B. Description of the Proposal to Develop a Regulation

The current requirements only test individual latch components without regard to how those components interact with each other, with other portions of the door, or with the directions of force loading conditions occurring in real world crashes. Door openings are frequently caused by a combination of longitudinal and lateral forces during the crash, which can subject the latch system to compressive longitudinal and tensile lateral forces. These forces often result in structural failures of the latch system as well as other non-latch systems such as hinge strike supports, door frame and door sheet metal. Hence, it would be beneficial to consider developing full system requirements. In addition, current requirements have no test procedure for evaluating the safety of sliding doors. Consideration of such requirements would be valuable.

The GTR will be applicable for passenger vehicles, multi-purpose vehicles as well as trucks. The performance and test requirements for the door latch, striker and hinges will be based on the stringency needed to attain reasonable safety benefits in a cost effective manner. The GTR will be developed based in part on existing national regulations, directives of contracting parties as well as the international standards and regulations listed below. The U.S. prepared a table to facilitate comparison of the present U.S. and ECE regulations, which are currently being widely used by many contracting parties. The table is available in the docket for this notice.

The results of additional research and testing conducted by any contracting parties since the existing regulations were promulgated will also be factored into the requirements of the draft GTR and may result in the proposal of new requirements.

Elements of the GTR, which cannot be resolved by the Working Party will be identified and dealt with in accordance with protocol established by AC.3 and WP.29. The proposed GTR will be drafted in the format adopted by WP.29 (TRANS/WP.29/882).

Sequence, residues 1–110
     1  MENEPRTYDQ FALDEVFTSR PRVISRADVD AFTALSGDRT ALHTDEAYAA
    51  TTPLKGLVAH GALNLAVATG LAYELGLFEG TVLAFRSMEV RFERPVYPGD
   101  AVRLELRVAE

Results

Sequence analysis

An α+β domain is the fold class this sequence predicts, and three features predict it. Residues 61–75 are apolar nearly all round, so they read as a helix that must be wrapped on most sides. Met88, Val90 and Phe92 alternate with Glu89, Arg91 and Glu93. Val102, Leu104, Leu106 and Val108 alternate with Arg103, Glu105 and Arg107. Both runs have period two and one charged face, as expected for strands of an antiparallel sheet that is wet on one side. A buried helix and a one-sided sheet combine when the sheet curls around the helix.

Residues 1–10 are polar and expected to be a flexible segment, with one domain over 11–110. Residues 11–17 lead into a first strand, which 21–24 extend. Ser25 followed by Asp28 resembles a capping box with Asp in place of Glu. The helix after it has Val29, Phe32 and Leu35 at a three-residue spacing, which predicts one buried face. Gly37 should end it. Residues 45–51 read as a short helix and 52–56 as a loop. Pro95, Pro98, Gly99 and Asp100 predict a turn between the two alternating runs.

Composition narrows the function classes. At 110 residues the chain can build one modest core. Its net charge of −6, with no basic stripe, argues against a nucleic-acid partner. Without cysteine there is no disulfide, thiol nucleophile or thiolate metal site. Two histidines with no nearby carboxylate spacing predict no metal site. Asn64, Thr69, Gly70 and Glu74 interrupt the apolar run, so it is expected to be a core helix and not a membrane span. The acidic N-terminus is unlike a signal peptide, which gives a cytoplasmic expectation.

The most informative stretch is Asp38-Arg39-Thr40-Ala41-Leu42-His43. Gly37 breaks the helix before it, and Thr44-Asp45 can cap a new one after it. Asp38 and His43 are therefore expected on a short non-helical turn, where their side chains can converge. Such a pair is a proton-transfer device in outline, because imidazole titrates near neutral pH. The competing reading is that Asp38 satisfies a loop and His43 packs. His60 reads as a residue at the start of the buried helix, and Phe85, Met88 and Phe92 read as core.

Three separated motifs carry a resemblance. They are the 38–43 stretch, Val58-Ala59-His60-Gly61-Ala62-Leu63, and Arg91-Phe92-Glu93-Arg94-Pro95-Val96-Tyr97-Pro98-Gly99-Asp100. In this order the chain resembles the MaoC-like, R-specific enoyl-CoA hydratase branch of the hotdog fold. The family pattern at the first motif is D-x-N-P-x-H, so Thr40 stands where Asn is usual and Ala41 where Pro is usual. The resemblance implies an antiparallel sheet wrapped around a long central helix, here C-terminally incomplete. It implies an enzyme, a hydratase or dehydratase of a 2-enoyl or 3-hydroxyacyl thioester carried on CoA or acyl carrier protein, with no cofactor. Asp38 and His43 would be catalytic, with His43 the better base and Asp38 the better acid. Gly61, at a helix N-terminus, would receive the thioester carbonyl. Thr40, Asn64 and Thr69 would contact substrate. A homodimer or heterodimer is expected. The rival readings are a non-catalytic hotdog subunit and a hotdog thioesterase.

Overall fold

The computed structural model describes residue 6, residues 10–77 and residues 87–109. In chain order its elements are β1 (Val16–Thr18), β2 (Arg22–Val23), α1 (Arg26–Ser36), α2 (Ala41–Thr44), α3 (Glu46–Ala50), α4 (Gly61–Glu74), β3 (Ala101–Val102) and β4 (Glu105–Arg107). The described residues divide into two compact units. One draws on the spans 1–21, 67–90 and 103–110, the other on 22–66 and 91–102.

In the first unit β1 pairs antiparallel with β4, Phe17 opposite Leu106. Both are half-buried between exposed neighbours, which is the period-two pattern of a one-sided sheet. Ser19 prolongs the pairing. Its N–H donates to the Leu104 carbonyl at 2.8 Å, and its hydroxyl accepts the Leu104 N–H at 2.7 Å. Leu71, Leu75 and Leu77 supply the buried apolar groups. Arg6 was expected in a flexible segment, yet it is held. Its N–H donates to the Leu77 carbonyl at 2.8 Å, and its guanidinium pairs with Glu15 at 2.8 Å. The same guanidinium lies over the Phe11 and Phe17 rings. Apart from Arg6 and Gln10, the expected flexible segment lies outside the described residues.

C. Existing Regulations and Directives

Though there are no regulations currently contained in the Compendium of Candidates, the following regulations and standards will be taken into account during development of the new global technical regulation regarding door locks and door retention components.

  • UN/ECE Regulation 11—Uniform provisions concerning the approval of vehicles with regard to door latches and door retention components.
  • U.S. Code of Federal Regulations (CFR) Title 49: Transportation; Part 571.206: Door locks and door retention components.
  • EU Directive 70/387/EEC, concerning the doors of motor vehicles and their trailers.
  • Canada Motor Vehicle Safety Regulation No. 206—Door locks and door retention components.
  • Japan Safety Regulation for Road Vehicle Article 25—Entrance.
  • Australian Design Rule 2/00—Side Door Latches and Hinges.

D. Existing International Voluntary Standards

The following international voluntary standards will be taken into account during development of the new global technical regulation regarding door locks and door retention components.

  • SAE J839, September 1998—Passenger Car Side Door Latch Systems.
  • SAE J934, September 1998—Vehicle Passenger Door Hinge Systems.
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Issued on: January 29, 2003.

Rose A. McMurray,

Associate Administrator for Planning, Evaluation and Budget.

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[FR Doc. 03-2367 Filed 1-31-03; 8:45 am]